The unseasonably warm spring weather that caused ski resorts to close early this year may be contributing to a worse-than-usual allergy season, now officially in its peak.
Drought periods sometimes mean an easier ride for allergy sufferers, since fewer problematic plants and trees will grow in a water shortage. But warm, dry weather – especially when combined with a strong breeze – can allow whatever pollen is present to come out earlier, and with a vengeance.
Sacramento, often referred to with affection as the “City of Trees”, has a high concentration of pollen-producing heavyweights, including oak, sycamore and mulberry trees, all of which do the bulk of their business in March and April, said Dr. Troy Scribner, an allergy specialist with Kaiser Permanente in Roseville.
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“With the drought, there’s an extra incentive to pollinate early,” he said. “In a typical scenario, the trees wait for the water to slow down – that’s a trigger to pollinate. The other is the warm weather.”
A late-March heat wave set a Sacramento record on March 29 this year. The mercury hit 84 degrees that day, the highest since 2002. Daytime temperatures have since leveled into the 70s, but still remain higher than the average for this time of year, which the National Weather Service estimates at 67 degrees. Early spring warm spells have been associated with California’s historic drought for the past few years.
The drought has thrown off the allergy season timeline, said Dr. Ron Brown, allergist with Sutter Medical Group. It typically begins in March, peaks in May and putters out by late June. But this year, with trees starting to pollinate in February and grass pollination already underway, we’re already in the thick of the peak, which should last another six weeks or so, he said.
Due to the early start, the season may end ahead of schedule. In the meantime, allergy sufferers should treat symptoms with antihistamines, nasal sprays, shots or more intense treatment if needed. Brown recommends avoiding the outdoors during the early hours, when pollen counts are the highest, and washing skin and clothing regularly.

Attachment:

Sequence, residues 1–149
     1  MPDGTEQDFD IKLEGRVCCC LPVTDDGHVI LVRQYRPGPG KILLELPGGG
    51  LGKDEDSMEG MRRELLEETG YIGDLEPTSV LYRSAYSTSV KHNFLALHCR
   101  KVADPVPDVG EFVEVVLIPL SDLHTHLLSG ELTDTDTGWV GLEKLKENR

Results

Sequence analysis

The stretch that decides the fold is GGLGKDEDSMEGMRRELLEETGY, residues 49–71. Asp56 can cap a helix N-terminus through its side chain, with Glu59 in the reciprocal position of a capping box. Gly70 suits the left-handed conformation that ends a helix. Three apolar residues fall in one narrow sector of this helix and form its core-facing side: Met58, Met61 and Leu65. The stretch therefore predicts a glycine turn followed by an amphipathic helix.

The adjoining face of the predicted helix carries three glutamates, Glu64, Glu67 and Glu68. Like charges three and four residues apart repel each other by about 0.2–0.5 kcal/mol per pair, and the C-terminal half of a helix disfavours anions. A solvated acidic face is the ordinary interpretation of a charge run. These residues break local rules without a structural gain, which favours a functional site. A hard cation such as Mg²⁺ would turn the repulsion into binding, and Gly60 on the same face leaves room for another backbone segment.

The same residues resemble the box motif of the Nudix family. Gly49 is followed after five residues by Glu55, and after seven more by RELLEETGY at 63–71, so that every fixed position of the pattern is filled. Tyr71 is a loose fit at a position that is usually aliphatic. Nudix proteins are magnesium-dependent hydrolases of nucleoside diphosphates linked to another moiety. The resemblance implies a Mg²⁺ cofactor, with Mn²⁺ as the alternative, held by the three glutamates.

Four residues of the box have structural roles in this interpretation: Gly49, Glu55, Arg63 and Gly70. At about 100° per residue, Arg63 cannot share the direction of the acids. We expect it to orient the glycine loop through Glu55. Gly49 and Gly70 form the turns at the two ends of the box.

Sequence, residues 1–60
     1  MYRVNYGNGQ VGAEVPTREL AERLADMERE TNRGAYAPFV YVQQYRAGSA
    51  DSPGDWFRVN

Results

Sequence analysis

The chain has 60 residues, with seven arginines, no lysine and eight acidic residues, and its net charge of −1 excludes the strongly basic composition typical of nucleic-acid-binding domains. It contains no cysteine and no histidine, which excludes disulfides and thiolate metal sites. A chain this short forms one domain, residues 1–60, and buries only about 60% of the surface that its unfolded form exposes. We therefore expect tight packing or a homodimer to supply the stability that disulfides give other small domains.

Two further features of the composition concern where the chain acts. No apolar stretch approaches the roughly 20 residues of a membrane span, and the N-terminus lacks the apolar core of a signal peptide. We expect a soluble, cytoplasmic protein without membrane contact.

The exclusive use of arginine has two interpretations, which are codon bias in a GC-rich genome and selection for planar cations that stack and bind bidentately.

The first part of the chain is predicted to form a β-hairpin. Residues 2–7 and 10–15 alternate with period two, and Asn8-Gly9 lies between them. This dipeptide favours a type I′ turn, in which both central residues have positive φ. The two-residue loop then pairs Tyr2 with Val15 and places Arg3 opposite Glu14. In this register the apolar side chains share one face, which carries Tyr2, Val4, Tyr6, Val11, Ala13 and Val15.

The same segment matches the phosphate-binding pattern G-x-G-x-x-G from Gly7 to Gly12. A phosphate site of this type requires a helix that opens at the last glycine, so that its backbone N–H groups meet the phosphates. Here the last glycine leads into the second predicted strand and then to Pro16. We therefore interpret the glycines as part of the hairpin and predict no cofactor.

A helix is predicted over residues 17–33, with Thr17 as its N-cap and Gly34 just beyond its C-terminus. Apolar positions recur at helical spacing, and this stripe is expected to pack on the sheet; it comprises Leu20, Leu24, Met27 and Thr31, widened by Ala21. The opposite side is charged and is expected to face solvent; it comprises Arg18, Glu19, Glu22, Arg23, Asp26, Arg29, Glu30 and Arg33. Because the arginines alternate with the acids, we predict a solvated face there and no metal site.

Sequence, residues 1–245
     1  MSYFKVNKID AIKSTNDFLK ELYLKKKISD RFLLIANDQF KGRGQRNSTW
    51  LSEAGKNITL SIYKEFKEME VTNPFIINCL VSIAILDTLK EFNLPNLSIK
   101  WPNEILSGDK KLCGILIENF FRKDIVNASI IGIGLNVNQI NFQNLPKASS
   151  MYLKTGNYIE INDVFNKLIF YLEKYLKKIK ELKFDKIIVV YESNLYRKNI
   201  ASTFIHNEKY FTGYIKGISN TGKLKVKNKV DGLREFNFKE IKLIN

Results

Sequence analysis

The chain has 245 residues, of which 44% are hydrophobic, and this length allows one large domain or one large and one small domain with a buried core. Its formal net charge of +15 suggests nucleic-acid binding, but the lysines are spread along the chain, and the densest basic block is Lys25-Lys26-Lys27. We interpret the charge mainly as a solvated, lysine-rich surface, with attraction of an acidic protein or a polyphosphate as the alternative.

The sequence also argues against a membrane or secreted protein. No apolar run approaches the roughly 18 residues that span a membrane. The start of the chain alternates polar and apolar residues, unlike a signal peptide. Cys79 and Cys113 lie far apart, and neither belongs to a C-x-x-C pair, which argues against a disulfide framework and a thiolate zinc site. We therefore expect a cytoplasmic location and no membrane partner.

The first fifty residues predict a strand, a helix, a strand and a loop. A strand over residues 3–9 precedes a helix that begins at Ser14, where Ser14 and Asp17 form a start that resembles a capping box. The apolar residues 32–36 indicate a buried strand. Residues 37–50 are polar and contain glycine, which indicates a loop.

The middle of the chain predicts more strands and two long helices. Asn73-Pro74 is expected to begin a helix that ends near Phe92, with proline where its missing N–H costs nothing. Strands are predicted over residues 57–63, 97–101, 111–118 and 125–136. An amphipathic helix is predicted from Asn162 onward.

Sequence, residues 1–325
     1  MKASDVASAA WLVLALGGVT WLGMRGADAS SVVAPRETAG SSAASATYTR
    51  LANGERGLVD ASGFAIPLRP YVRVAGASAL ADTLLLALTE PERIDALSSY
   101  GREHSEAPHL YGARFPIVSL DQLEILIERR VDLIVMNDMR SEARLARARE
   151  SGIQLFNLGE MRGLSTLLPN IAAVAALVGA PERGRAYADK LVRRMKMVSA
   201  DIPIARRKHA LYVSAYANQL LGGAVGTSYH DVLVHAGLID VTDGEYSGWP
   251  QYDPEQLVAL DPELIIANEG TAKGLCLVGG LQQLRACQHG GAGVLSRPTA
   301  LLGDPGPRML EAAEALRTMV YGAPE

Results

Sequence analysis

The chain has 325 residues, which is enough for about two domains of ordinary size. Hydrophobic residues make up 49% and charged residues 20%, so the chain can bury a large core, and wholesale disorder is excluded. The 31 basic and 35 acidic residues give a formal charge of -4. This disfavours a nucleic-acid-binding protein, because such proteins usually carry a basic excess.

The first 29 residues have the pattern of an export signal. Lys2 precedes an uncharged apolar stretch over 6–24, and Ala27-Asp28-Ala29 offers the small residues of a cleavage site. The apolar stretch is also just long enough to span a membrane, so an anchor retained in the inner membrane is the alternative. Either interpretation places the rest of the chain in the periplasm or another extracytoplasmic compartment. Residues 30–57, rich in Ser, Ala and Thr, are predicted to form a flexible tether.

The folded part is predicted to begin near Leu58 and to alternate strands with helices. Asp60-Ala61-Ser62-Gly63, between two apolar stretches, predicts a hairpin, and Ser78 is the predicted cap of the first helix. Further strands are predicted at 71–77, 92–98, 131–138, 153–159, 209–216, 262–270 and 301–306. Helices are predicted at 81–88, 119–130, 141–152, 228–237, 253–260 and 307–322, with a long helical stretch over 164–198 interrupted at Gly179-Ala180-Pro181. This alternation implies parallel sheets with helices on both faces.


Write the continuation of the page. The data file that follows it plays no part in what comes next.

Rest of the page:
“With the technology we have, there are very few people who cannot keep (allergies) controlled in the spring season, even those who want to be outdoors,” he said. “It’s always a shame when people associate the spring with misery.”
An estimated 20 percent of people suffer from allergies, symptoms of which include coughing, sneezing, runny nose and watery eyes. While many people live with mild allergies, more severe forms of the condition can trigger asthma. If symptoms intensify beyond discomfort, sufferers should see a physician, Brown said.
Global warming has resulted in higher and longer pollen seasons across the globe and has increased the earth’s total pollen load, according to Dr. Bradley Chipps, clinician and researcher at Capital Allergy & Respiratory Disease Center.
The change will be felt significantly in the Central Valley, Chipps said. Sacramento is one of the top 100 most challenging places to live with spring allergies, as ranked by the Asthma and Allergy Foundation of America.
“If you’re near the ocean where everything blows away, you’re great,” Chipps said. “And if you’re higher up you’re better off, too. But in this valley you’re kind of stuck.”
Jan Thornburg, who has been living in Sacramento for the last 41 years, said she developed severe allergies in the years after moving to the City of Trees. She received allergy shots for nine years to relieve symptoms, and now is able to get by with over-the-counter medication.
On Tuesday afternoon she was enjoying McKinley Park, but lamenting the persistent symptoms that struck her in March.
“Mine are killing me,” she said of her allergies. “It’s the wind. I’m sneezing my head off ... you can never have enough Kleenex.”
Call The Bee’s Sammy Caiola, (916) 321-1636.